Appeals Court Reinstates Limited Trump Gag Order In New York Civil Trial

The gag order, which bars Donald Trump from verbally attacking court staffers in public, was originally imposed last month.
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A New York appeals court on Thursday denied Donald Trump’s request to overturn a gag order in his ongoing civil fraud trial there, reinstating a limited ruling that prevents him from verbally attacking court staffers.

New York Supreme Court Justice Arthur Engoron originally imposed the order on Oct. 3 after the former president disparaged Engoron’s law clerk on social media ― an order that he proceeded to violate multiple times.

In one instance, Trump published a photo of the clerk on Truth Social. The clerk said she began receiving 20 to 30 harassing calls a day on her cellphone, in addition to dozens of threats sent via email and social media.

After the post, Engoron asked if, in this “overheated [political] climate,” the clerk might face “serious physical harm, and worse.”

An intermediate appeals court judge temporarily paused the order while the appeals process proceeded. Trump immediately seized upon that stay to verbally attack Engoron on social media.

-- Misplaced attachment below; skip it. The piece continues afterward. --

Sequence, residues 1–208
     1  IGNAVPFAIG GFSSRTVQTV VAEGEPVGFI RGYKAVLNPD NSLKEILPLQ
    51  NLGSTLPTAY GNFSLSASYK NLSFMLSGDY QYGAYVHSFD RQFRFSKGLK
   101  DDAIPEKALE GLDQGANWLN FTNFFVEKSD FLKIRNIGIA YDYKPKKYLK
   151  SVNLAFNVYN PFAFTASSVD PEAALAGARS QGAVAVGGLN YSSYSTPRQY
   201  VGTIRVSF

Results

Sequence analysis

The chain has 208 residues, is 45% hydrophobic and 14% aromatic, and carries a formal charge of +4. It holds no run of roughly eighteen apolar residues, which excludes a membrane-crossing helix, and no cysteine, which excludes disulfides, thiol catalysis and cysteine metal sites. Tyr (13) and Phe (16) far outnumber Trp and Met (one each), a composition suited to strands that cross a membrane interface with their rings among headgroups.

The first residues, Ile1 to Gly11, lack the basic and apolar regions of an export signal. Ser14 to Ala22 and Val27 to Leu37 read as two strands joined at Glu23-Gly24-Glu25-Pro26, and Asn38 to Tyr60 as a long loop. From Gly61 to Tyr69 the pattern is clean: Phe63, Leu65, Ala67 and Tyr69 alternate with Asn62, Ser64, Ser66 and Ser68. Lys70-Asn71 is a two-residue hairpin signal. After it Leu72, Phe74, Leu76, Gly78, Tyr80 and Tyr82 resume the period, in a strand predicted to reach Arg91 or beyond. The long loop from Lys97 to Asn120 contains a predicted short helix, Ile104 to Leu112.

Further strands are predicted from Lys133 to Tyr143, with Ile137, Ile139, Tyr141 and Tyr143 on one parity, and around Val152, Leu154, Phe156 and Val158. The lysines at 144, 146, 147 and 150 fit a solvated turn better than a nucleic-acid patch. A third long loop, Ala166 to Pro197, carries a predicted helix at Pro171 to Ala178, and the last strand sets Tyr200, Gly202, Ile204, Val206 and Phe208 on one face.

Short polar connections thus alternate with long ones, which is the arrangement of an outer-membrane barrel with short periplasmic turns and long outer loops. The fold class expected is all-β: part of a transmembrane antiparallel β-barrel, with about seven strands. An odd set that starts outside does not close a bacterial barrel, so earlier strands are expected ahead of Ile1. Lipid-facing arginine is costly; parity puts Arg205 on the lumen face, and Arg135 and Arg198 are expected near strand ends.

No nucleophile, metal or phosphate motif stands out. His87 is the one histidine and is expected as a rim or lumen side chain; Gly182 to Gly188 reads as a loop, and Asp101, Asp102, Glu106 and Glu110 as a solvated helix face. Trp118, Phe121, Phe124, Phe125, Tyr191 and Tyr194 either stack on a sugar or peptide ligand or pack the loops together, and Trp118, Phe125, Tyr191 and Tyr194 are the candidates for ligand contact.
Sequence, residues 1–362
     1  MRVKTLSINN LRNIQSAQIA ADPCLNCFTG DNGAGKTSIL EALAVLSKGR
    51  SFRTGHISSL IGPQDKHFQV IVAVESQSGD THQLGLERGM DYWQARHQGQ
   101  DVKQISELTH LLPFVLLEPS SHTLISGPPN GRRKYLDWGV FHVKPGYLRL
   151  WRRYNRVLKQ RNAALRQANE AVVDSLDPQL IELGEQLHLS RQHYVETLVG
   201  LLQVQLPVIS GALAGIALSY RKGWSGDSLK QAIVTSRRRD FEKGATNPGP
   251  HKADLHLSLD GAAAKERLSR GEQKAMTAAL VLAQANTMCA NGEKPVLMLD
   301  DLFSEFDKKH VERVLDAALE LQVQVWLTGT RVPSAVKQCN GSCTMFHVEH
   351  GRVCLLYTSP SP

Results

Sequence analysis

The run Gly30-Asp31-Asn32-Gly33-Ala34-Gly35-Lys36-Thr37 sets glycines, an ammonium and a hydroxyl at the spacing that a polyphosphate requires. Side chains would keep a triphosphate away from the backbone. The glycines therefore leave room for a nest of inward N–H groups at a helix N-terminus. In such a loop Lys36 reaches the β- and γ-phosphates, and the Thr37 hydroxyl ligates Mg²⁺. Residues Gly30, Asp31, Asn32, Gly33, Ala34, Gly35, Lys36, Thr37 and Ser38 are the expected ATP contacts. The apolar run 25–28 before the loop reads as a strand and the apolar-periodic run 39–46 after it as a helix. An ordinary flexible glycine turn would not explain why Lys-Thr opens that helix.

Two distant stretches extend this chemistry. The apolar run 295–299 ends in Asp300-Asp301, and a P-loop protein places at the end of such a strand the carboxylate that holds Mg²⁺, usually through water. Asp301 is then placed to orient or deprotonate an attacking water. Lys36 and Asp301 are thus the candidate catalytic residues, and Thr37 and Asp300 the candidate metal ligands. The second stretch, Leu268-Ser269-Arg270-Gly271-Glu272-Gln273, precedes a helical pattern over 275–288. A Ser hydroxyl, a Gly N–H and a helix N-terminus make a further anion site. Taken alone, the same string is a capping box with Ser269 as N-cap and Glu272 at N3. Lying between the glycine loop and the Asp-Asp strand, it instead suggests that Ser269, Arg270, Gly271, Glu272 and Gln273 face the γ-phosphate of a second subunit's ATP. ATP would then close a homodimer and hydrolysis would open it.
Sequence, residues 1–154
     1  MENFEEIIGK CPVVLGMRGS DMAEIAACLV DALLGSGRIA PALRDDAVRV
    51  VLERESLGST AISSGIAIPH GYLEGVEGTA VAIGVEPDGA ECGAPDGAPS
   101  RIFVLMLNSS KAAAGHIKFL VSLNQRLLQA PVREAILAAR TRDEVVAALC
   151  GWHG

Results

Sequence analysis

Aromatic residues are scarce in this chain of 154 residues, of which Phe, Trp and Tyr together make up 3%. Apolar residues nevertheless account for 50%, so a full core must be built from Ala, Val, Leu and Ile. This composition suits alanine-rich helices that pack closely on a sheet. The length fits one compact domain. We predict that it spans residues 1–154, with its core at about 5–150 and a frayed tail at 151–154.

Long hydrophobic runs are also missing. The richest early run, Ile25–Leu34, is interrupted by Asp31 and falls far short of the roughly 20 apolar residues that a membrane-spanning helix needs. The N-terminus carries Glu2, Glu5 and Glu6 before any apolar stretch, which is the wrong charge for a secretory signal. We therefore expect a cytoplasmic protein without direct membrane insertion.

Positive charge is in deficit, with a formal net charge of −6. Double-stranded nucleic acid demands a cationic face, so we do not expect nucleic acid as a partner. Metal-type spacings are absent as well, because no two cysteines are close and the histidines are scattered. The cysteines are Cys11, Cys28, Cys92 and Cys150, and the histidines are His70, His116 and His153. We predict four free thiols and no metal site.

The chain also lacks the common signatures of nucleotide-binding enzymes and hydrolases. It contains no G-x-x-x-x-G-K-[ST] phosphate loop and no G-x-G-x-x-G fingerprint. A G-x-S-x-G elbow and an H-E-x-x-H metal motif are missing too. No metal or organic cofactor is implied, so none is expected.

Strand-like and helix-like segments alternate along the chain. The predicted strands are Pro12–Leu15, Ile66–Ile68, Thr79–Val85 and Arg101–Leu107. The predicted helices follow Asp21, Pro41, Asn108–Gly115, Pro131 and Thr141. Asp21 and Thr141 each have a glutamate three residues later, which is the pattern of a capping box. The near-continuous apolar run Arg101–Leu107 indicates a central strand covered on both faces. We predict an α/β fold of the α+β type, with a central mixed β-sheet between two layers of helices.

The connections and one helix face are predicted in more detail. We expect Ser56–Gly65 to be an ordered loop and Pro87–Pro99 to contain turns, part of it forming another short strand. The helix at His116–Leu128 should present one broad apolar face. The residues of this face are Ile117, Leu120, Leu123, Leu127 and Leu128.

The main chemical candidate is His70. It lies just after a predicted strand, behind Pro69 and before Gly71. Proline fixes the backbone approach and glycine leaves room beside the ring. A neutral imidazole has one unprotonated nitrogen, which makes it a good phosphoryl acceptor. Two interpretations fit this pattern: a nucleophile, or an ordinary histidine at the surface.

This week’s decision vacates that pause and immediately reinstates the original gag order.

Trump’s lawyers have also demanded a mistrial, claiming in part that the gag order violates his First Amendment rights to free speech. New York Assistant Attorney General Kevin Wallace said the demand suffers from a “total lack of merit.”

Thursday’s decision should not be confused with a separate and forthcoming appeals court ruling on a gag order imposed by U.S. District Judge Tanya Chutkan, in the criminal trial regarding Trump’s efforts to remain in office after losing the 2020 presidential election.

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